Privatization in Kosovo

Privatization in Kosovo

Kosovo is the last country of the former eastern European block to embark on a large-scale privatization process. While the privatization in Kosovo started in 1989 based on the act of social capital, the number of companies that went through this process was very small. At that time, the privatization process was soon brought to an end due to the imposition of emergency measures and abolition of Kosovo's autonomy by the Serbian government in 1989. The self-management system ended after the 1999 war, which was the culmination of a decade of emergency rule, resistance and armed conflict. During this period, thousands of employees were made redundant; companies were underinvested and stripped off their assets. After the war, Kosovo was governed by the United Nations Mission in Kosovo (UNMIK) according to the Security Council Resolution 1244 until the declaration of Kosovo's independence in February 2008.

UNMIK made its first attempts at privatization as early as 2000 by commercializing companies by transferring them to private sector investors through a 10-year lease, avoiding the difficult question of ownership or creditor claims (Riinvest, 2002). This process proved to be cumbersome and complex and was rendered as inappropriate. The privatization process itself started in 2002 under the auspices of Kosovo Trust Agency (KTA), continuing its operations under the Privatization Agency of Kosovo (PAK) after independence. Since its start, the process has been brought to halt twice - firstly during the fourth quarter of 2003 and 2004 and then during 2008 (Riinvest, 2008). However, it had a good flow during 2005, 2006 and 2007. The method of privatization used in Kosovo has been 'sale to the highest bidder' (regular Spin-Off); a method which was not largely employed by successor countries of former Yugoslavia (Riinvest, 2004). However, in cases of some large companies, employment and investment commitments were also introduced (called special Spin-Off). In general only the assets and current liabilities (defined generally as the last three months of unpaid accounts payable and the last year of unpaid VAT) of SOEs were sold, while other liabilities are dealt with the privatization proceeds which are hold in an escrow account.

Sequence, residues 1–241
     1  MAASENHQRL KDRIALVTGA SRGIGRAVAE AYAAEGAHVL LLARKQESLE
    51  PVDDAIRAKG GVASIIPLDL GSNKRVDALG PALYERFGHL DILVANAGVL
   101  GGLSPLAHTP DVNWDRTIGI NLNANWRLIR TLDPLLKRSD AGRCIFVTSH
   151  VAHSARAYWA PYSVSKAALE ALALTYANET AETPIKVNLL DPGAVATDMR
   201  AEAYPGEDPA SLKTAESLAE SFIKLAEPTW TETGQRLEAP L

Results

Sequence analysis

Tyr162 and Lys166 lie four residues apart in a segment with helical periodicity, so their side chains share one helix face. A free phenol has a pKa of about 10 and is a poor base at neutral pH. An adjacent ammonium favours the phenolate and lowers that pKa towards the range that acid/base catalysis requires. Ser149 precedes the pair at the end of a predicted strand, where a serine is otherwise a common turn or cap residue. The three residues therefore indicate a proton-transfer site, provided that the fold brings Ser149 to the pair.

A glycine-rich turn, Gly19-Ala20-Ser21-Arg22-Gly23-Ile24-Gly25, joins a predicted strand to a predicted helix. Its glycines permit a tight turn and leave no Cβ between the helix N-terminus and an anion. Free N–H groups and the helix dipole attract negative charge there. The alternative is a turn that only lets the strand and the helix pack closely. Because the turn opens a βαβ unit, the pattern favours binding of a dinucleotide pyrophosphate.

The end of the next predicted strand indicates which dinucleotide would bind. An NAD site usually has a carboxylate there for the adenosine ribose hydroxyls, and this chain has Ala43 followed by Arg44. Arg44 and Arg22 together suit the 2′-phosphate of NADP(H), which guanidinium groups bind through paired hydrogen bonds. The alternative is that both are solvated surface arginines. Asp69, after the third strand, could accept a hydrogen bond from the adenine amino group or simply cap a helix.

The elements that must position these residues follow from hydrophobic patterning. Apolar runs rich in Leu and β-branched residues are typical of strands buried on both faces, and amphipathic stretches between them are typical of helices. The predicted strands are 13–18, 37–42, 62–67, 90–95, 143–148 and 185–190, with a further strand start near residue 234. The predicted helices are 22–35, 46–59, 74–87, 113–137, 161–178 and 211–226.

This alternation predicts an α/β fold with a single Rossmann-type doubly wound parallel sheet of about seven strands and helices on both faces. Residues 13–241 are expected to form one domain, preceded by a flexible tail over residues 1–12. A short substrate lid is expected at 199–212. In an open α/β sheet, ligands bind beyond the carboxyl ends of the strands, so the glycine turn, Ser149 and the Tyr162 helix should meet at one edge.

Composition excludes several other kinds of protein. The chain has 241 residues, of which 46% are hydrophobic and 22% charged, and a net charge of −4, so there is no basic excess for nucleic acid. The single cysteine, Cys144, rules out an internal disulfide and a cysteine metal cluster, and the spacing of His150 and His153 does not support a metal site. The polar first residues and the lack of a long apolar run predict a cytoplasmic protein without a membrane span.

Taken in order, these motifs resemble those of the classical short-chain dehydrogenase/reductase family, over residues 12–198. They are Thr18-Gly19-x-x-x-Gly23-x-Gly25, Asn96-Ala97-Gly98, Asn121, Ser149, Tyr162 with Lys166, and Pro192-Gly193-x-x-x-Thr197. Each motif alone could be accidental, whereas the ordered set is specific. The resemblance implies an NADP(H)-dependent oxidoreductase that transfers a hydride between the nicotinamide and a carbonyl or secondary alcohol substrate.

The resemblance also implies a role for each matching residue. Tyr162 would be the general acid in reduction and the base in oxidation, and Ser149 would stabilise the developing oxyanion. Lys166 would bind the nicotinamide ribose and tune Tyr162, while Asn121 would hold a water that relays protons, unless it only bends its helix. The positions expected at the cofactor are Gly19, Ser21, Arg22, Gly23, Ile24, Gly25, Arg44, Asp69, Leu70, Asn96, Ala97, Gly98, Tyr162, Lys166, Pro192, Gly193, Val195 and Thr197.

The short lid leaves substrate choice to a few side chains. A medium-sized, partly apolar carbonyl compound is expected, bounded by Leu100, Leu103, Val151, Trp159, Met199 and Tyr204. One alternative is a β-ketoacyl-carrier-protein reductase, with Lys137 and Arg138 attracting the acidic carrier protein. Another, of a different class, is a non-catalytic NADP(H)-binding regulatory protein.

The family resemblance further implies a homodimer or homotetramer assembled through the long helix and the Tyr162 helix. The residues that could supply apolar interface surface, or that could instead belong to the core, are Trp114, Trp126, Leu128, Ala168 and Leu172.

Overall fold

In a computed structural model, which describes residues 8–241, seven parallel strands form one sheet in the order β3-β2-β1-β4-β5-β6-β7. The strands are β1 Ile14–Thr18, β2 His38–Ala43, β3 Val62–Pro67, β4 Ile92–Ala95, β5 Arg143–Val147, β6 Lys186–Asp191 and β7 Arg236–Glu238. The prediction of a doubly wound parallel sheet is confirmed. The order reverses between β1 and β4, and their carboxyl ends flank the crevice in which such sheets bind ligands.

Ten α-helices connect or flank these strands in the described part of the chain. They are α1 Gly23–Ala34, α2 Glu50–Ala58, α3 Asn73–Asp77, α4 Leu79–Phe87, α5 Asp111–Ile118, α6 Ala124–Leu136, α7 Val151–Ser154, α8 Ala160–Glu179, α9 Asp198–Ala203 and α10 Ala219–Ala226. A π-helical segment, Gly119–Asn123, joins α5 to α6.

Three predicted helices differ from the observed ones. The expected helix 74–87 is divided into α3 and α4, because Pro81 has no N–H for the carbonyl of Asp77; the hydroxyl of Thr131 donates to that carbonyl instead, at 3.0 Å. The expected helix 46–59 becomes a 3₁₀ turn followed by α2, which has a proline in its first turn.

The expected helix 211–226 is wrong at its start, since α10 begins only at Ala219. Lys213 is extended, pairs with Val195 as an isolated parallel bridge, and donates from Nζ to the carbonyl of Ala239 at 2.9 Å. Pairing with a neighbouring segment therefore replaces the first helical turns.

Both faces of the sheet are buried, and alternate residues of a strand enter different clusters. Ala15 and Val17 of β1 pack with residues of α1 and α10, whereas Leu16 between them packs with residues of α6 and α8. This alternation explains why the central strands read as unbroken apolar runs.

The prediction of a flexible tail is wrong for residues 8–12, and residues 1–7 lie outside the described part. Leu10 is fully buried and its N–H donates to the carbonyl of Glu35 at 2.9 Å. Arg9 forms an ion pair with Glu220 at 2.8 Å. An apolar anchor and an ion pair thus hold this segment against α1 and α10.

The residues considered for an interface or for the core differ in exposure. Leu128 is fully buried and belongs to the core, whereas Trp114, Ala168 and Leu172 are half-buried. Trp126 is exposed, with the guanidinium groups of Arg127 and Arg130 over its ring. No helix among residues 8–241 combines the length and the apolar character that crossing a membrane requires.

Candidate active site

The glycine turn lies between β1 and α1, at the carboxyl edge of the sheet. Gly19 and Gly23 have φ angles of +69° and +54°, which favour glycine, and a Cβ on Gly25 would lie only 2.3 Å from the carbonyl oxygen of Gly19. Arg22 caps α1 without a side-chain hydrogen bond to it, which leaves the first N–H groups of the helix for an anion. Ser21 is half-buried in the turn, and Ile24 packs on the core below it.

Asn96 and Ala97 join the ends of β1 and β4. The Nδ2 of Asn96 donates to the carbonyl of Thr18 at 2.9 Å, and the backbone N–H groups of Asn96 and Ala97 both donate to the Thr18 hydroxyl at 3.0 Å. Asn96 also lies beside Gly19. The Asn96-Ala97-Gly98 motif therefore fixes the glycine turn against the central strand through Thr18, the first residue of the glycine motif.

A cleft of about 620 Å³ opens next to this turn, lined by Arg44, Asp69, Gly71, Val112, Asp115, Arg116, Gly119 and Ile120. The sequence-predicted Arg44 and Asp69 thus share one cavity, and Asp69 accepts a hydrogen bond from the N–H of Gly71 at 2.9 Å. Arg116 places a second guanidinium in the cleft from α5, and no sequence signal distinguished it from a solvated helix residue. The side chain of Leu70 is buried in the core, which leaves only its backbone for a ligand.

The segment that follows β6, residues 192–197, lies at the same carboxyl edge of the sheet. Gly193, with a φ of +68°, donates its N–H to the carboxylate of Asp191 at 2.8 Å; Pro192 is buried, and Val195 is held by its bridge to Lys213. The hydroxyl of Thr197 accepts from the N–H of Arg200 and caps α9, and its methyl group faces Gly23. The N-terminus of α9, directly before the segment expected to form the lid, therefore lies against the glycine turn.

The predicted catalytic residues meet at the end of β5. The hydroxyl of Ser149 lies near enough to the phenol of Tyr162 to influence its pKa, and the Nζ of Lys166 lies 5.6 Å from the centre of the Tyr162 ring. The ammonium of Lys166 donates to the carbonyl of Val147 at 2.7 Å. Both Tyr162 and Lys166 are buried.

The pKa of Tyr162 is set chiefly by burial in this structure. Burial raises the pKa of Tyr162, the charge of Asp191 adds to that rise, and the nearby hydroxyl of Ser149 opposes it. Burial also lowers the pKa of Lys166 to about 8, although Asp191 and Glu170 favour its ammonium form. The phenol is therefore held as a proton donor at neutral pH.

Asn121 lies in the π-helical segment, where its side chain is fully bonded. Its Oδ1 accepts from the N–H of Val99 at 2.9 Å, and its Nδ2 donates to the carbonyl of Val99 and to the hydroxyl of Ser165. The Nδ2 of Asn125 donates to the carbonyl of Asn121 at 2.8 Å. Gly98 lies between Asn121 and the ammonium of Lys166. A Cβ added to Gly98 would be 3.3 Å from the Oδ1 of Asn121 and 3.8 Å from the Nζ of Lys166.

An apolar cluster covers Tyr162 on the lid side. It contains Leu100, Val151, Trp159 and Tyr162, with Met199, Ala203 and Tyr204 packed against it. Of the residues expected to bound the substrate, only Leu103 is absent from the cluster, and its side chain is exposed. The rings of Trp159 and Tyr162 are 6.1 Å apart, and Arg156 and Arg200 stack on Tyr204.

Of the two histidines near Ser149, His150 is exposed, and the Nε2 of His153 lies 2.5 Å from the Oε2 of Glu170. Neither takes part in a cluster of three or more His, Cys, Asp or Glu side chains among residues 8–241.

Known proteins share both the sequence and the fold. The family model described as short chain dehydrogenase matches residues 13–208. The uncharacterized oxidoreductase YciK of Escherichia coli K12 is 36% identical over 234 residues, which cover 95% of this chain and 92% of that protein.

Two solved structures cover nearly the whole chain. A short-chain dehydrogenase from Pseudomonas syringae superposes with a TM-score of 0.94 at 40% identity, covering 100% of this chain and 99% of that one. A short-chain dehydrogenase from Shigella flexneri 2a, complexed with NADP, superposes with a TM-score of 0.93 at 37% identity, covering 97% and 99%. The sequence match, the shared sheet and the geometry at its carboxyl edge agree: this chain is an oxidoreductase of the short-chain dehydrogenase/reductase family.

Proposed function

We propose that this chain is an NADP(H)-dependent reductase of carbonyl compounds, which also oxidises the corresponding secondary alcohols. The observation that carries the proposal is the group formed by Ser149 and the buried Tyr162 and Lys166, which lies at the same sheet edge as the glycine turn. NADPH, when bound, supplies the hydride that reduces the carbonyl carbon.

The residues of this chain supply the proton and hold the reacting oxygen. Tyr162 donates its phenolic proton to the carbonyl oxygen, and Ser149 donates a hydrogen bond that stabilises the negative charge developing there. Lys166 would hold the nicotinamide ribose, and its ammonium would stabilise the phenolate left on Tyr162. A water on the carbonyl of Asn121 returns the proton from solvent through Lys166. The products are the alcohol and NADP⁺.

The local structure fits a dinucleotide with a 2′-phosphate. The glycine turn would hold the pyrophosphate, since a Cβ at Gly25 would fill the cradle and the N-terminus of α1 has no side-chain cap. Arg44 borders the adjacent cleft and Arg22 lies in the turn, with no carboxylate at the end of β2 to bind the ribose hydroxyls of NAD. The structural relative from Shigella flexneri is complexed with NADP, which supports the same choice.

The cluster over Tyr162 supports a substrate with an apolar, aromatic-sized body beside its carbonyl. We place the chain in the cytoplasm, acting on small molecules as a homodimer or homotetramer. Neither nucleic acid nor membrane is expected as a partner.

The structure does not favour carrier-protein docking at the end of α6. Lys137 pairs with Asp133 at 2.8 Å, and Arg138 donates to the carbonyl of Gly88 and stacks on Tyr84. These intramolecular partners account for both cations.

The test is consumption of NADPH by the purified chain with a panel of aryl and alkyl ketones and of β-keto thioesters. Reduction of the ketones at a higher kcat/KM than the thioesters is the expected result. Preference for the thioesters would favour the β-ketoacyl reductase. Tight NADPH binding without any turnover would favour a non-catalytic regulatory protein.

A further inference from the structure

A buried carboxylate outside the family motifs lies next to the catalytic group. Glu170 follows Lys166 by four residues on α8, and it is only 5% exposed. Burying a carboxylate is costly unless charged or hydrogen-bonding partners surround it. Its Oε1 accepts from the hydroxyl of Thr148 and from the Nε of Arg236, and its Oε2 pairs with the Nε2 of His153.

The privatization process in Kosova inherited around 500 Socially Owned Enterprises of which only about third of them were functioning after the war. Important technological and hu­man assets were concentrated in these enterprises during the 1980s but because of the developments during the 1990s (explained earlier); the depreciation of assets and technologies, and changes in regional and international business environment most of these enterprises were operating ineffectively and below their capacities and many ceased operations altogether.

The privatization process in Kosovo is now in its final phase, leaving some 10 percent of SOEs to be privatized in the coming period. Low perceived performance of the privatized companies has fuelled the opposition of the Kosovan society towards this process. Currently the general perception of the society is that the process is a complete failure. Considering the circumstances and real alternatives, the 'complete failure' statement is rather an incorrect representation. The accumulated proceeds from the sale of privatized assets reached over €600 million or around 15% of GDP. However, proceeds continue to be kept in an escrow account, frozen and withdrawn from economic activities of the country.

On the other hand, Public Utility Companies, which are regarded as Publically Owned Enterprises (POEs), are to be privatized under the auspices of the Government who is planning to embark quickly on their privatization. The process is faced by strong opposition from different stakeholders and from all the sides of the political spectrum. Some oppose the ideology of privatization itself, while some accuse the process of being highly tainted by corruption, which failed to establish and set transparent procedures and accountability measures.